|Publication number||US6028613 A|
|Application number||US 08/821,125|
|Publication date||Feb 22, 2000|
|Filing date||Mar 20, 1997|
|Priority date||Mar 20, 1997|
|Publication number||08821125, 821125, US 6028613 A, US 6028613A, US-A-6028613, US6028613 A, US6028613A|
|Original Assignee||S3 Incorporated|
|Export Citation||BiBTeX, EndNote, RefMan|
|Patent Citations (28), Referenced by (9), Classifications (16), Legal Events (7)|
|External Links: USPTO, USPTO Assignment, Espacenet|
The present invention relates generally to a graphics system for personal computers. More particularly, the present invention relates to a method and apparatus for programming a register set in a graphics processor.
Sophisticated graphics packages have been used for some time in expensive computer design and graphics systems. Increased capabilities of graphics controllers and display systems, combined with standardized graphics languages, have made complex graphics functions available in even the most routine applications. For example, word processor, spread sheets and desktop publishing packages now include relatively sophisticated graphics capabilities. Three-dimensional (3D) displays have become common in games, animation, multimedia, communication and drawing packages.
The availability of sophisticated graphics in PCs has driven a demand for even greater graphics capabilities. To obtain these capabilities, graphics systems must be capable of performing more sophisticated functions in less time to process greater amounts o graphical data required by modern software applications. In particular, there is a continuing need for improvements in software algorithms and hardware implementations to draw three-dimensional objects using full color, texture mapping and transparency blending.
Improvements have been made in the hardware realm. Graphics processors and accelerators are available with software drivers that interface with a host central processing unit to the graphics processor. In general, the graphics software receives information for drawing objects on a computer screen, calculates certain basic parameters associated with the objects and provides this to the graphics processor in the form of a "display list" of parameters.
A graphics controller then uses the display list values in generating the graphics objects to be displayed. A graphics processor may use interpolation techniques where the fundamental information for the object to be drawn comprises a series of initial and incremental parameters or values. The graphics processor loads or otherwise receives the initial parameters for the pixels to be drawn, interpolates the object by incrementing the parameters until the object is completely drawn.
To render the graphics objects, many prior art computer systems, program the graphics subsystem by using a mapped set of registers within the host Central Processing Unit (CPU) address range. Typically, the graphics subsystem is mapped at an address above the host CPU's local memory. A set of registers is then mapped to the smallest addressable bit location by the host CPU.
The graphics subsystem is able to read a stream of data (display list) from memory and execute programs stored in the memory in a similar manner. The size of the display list information may tend to place limitations on the traversal (read/write) speed of the central processing unit and the graphics processor.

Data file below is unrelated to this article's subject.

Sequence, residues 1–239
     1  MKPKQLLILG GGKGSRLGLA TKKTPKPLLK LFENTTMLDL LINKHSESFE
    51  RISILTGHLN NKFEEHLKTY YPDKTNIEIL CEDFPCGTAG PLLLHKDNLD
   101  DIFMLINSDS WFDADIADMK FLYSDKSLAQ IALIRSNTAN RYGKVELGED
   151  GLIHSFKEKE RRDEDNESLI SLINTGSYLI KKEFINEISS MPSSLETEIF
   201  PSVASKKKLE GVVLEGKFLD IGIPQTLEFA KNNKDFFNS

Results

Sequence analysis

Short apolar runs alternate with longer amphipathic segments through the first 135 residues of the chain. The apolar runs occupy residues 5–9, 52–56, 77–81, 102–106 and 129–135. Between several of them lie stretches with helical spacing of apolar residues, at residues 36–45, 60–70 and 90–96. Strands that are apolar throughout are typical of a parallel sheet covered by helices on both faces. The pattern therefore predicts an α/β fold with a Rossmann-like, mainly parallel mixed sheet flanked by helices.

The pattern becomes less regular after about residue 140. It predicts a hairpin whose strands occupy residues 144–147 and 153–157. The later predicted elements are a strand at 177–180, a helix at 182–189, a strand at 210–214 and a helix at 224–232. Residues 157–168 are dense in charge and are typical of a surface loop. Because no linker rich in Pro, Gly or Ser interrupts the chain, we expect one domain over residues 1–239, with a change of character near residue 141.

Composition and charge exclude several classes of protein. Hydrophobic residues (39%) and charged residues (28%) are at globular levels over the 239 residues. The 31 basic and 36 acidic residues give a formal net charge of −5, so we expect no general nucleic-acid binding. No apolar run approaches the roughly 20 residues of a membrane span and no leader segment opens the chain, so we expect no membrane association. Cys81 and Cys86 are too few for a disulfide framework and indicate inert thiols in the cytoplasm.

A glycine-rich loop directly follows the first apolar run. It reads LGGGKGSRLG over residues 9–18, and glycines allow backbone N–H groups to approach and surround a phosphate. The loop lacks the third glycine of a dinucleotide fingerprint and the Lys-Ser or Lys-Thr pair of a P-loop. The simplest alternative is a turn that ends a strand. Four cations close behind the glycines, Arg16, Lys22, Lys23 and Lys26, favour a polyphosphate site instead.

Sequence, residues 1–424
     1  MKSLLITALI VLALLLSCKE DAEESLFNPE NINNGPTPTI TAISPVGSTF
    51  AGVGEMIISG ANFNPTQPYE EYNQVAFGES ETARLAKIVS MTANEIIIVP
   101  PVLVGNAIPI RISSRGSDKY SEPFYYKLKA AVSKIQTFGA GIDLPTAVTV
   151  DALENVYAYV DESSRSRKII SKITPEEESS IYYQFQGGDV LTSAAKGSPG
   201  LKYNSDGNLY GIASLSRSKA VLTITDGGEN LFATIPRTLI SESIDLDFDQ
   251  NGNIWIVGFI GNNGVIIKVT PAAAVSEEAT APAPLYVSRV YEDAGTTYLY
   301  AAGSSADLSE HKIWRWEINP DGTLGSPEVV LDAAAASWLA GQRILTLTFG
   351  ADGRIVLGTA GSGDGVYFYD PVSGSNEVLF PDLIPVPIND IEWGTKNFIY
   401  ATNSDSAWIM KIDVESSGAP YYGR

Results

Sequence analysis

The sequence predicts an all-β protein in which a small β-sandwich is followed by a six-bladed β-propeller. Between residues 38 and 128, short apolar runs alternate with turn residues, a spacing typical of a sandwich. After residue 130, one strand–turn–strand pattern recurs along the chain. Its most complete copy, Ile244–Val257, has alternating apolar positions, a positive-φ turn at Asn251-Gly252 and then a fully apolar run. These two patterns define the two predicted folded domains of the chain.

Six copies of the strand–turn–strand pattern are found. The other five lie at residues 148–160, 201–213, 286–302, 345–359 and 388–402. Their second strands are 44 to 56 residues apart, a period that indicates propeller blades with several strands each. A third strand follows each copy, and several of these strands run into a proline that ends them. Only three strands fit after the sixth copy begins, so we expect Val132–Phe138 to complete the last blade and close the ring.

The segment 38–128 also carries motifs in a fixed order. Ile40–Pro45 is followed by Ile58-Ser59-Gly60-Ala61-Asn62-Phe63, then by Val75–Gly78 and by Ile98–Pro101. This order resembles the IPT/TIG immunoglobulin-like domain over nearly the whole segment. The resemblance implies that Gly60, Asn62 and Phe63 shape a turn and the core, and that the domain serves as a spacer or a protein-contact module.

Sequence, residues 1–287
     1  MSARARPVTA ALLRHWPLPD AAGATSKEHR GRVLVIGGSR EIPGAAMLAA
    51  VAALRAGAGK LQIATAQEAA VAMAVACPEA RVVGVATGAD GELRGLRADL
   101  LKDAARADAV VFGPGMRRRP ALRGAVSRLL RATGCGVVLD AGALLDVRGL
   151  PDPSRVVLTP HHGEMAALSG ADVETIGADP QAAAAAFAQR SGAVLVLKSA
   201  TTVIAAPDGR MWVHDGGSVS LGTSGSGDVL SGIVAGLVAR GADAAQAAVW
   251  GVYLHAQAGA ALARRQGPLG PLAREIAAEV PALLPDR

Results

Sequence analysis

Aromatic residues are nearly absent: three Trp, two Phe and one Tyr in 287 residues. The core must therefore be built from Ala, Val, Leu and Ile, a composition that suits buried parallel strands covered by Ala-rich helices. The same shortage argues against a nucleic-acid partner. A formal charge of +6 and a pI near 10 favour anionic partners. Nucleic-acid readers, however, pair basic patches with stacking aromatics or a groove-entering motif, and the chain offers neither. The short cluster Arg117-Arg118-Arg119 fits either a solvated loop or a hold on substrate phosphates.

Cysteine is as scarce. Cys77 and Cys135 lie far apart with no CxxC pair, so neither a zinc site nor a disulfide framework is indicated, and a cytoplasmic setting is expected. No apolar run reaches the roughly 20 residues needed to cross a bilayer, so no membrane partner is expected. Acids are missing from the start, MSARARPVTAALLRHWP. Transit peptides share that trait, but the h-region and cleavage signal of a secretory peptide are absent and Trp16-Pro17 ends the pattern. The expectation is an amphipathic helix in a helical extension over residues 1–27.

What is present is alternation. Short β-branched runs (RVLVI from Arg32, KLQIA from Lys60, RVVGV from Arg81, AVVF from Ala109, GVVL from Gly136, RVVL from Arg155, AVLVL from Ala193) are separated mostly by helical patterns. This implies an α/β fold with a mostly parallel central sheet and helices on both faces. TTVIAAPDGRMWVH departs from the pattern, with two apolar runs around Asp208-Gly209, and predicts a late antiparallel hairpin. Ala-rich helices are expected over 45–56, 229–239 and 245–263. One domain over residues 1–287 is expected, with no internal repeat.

The CPU typically builds the display list information with the instructions and parameters specific to the particular external device attached to the computer system. The external device then reads the instruction stream and executes instructions from this stream. One of the common operations stored in the display list is a command to load single and multiple registers of a device's register file with specified values.
Existing graphics implementations that use display lists typically load data in a sequential format to a register file in the graphics processor. For each type of primitive, a particular set of data values are required to render that type of primitive. For example, a point to be drawn to a pixel grid requires an X,Y location, color values and a Z value for depth comparison. An example of display list is shown below in Table I.
TABLE I______________________________________ADDRESS NAME DESCRIPTXON______________________________________0x4000 X Initial X value0x4004 Y Initial Y value0x4008 Z Initial Z value0x400C R Initia1 Red component0x4010 G Initial Green component0x4014 B Initial Blue component0x4018 X1 Some other register0x401C X2 "0x4020 A Alpha blending value______________________________________
The display list in Table I provides the parameters required to draw points, lines and polygons. From the display list provided above, if a specific primitive rendering operation requires, for example, only the following register values to be loaded e.g., X,Y,R,G,B and A, a prior art load instruction would use one of two alternative methods of instruction loading.
The first of the two alternatives will be to load all nine registers e.g., "Load instruction (start at X), X,Y,Z,R,G,B,X1,X2, A". The stream of information in the display list will therefore occupy 10 instruction words (40 bytes) and load unnecessary registers.
The second load alternative is to use two consecutive load operations thereby replacing the two register load gaps (e.g., X1,X2) with only one load instruction e.g., "Load instruction (start at X), X,Y,Z,R,G,B" and "Load instruction (starts at A), A". The stream of information in the display list for this load sequence is 9 instruction words long (36 bytes).